When I walked through those church doors with Travis and the girls for the first time in many years, fear filled my heart.
For some reason, I was completely terrified. But even greater than my fear was my desperation. My last shred of hope was that God could help me. I was so surrounded by darkness—around and within—that I wondered if others could actually see it. I was a complete mess, and there was absolutely nothing I could do about it. I had no more answers. All my options had been exhausted. And I could not save myself this time.
I never thought it was possible for God to show Himself, but I was wrong. As I listened to the pastor preach, I was entirely astounded and surprised to hear a sermon that seemed to have been written just for me. The message spoke to where I was that exact moment, and it blew my mind. It was powerful, beyond anything I had ever experienced, and I thought, The sheer probability of that alone is crazy!
Travis and I met Pastor Dan after the service. He gave us a mug filled with goodies and a pamphlet introducing newcomers to Grace. I read the pamphlet as I lay in bed that night next to Travis. Most of it seemed innocuous enough, but I was a bit startled when I read their belief statement. One by one, I read the list—thinking, these people are crazy!—while fear and defeat gripped me by the throat. What if this is simply yet another rabbit trail, like all the others?
I wondered. What if I never get better? In all my searching, all my pursuits to get better, I continually came up empty-handed. And, in that moment, it seemed this pursuit would be just like all the others. It was yet another mirage promising life that would soon reveal itself to be a lie.
“Can you read this?” I said to Travis, passing the pamphlet to him.
He read through the pamphlet as I stared at him, anxiously waiting for him to reel back in disbelief as I had. But when he finished, he simply handed it back to me and said, “It’s good.”
It’s good? At the very least, I expected Travis to call some of these crazy beliefs into question, but he didn’t. He didn’t question their belief in the validity of the Bible—that it’s completely inspired by God and free of all error. He didn’t dispute the claim that there is only one way to heaven, through the blood of Jesus, though it seemed ludicrous to believe the blood of some guy who lived thousands of years ago could “save” us. Nor did he balk at the one belief that really had my head spinning—the claim that all other world religions are false, a result of Satan’s deception.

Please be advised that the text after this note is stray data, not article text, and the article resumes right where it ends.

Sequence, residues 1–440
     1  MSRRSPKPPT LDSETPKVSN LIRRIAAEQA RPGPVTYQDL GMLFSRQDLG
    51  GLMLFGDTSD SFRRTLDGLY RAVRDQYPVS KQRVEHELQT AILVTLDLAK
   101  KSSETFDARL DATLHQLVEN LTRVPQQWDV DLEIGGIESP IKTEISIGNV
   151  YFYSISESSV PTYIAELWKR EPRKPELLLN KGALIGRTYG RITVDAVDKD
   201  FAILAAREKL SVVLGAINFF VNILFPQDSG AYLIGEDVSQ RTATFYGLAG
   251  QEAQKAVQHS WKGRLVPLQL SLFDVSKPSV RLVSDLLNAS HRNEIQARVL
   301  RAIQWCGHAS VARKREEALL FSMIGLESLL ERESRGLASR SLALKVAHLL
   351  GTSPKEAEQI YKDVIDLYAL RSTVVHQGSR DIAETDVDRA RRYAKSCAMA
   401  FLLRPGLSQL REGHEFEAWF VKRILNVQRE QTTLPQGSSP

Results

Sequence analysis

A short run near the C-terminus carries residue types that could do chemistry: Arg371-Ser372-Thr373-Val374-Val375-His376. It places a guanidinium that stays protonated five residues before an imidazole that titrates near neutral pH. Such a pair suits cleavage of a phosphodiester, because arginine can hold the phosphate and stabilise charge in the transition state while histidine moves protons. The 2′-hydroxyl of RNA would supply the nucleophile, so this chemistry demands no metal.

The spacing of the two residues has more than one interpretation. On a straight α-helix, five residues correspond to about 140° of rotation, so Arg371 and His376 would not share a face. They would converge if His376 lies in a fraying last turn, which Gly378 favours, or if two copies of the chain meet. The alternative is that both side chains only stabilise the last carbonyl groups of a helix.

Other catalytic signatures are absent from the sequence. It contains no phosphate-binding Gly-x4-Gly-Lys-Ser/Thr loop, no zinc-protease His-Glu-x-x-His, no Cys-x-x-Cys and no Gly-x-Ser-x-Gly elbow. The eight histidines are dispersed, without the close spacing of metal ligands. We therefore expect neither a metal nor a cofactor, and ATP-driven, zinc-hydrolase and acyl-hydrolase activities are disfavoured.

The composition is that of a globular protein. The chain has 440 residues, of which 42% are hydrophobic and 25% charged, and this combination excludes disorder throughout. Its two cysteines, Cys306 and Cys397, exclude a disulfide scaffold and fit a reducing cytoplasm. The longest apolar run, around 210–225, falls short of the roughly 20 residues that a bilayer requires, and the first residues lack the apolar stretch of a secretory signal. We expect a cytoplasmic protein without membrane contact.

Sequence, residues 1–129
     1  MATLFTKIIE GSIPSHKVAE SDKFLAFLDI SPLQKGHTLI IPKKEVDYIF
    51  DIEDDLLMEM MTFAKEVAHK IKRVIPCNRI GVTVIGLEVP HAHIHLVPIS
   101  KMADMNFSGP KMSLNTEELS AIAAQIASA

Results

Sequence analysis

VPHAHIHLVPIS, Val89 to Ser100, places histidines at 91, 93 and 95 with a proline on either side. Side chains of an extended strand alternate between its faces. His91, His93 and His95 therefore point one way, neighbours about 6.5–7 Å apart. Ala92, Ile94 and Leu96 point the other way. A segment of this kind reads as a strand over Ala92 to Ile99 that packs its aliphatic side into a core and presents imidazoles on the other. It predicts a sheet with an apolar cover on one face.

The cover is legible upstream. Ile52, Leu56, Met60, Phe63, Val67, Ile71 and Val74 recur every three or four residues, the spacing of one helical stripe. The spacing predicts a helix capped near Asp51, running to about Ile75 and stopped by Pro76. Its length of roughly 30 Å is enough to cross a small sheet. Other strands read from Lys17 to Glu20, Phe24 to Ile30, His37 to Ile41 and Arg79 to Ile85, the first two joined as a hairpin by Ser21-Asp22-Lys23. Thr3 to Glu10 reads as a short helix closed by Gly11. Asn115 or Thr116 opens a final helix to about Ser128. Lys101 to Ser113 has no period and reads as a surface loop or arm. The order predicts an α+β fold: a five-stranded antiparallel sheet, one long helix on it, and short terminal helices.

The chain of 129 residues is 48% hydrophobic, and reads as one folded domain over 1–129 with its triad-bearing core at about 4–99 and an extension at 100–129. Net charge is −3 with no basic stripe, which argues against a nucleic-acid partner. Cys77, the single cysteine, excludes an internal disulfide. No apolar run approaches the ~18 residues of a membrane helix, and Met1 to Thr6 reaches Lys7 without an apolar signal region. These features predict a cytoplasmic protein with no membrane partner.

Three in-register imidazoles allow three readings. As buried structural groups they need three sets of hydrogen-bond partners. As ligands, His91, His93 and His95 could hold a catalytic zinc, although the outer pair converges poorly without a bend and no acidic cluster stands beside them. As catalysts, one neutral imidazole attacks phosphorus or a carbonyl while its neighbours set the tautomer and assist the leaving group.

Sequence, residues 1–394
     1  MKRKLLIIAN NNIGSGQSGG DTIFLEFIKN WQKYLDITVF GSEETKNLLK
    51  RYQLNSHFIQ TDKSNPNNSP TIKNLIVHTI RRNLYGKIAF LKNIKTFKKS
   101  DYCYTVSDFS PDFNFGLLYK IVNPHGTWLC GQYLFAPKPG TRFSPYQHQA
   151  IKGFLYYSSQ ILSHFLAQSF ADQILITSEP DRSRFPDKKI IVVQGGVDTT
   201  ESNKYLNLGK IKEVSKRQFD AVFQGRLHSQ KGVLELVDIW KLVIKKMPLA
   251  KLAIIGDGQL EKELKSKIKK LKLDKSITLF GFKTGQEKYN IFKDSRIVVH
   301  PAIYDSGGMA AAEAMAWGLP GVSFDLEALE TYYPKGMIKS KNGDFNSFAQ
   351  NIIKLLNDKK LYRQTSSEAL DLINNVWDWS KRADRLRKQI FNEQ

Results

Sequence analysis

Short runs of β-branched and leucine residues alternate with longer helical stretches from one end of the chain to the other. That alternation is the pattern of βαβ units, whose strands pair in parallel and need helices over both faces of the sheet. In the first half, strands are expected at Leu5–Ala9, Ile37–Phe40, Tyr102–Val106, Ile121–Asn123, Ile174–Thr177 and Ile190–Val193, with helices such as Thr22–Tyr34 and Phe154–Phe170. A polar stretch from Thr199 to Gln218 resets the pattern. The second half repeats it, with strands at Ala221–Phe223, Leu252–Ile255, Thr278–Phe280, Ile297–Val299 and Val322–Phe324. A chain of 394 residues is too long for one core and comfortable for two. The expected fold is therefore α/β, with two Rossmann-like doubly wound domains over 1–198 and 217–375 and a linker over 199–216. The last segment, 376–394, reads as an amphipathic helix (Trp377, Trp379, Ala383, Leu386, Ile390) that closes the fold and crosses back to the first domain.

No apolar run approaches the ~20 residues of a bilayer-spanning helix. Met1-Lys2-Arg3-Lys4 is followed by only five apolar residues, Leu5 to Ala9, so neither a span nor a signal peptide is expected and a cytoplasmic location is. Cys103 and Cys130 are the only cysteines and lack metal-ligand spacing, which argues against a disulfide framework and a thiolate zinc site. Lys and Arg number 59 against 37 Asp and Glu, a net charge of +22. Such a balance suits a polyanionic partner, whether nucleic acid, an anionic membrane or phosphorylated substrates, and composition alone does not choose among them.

“So you believe this stuff?” I asked.
“Yeah. There’s nothing weird in there.”
I set the pamphlet down on my nightstand and pondered anxiously a few moments before picking it up again. I couldn’t stop myself. I had to read it again. Perhaps I was mistaken. Perhaps there’s a different way to look at it. Travis—noticing my irrational behavior and knowing me well enough to realize I was thinking entirely way too much—asked, “What are you doing?”
“I just don’t know how these people can believe this stuff. I mean it’s just—”
“Do you know what you need to do?” he interrupted.
“You need to get up, take that pamphlet, throw it away, and go back to church next Sunday.”
I was a bit stunned by Travis’s response, but I complied.
We went back to church the following Sunday and every Sunday after that, each time fully expecting the God-thing to be a fluke. How could a God so grand and so holy take notice of mere man? I thought. But time and again, Jesus faithfully showed Himself.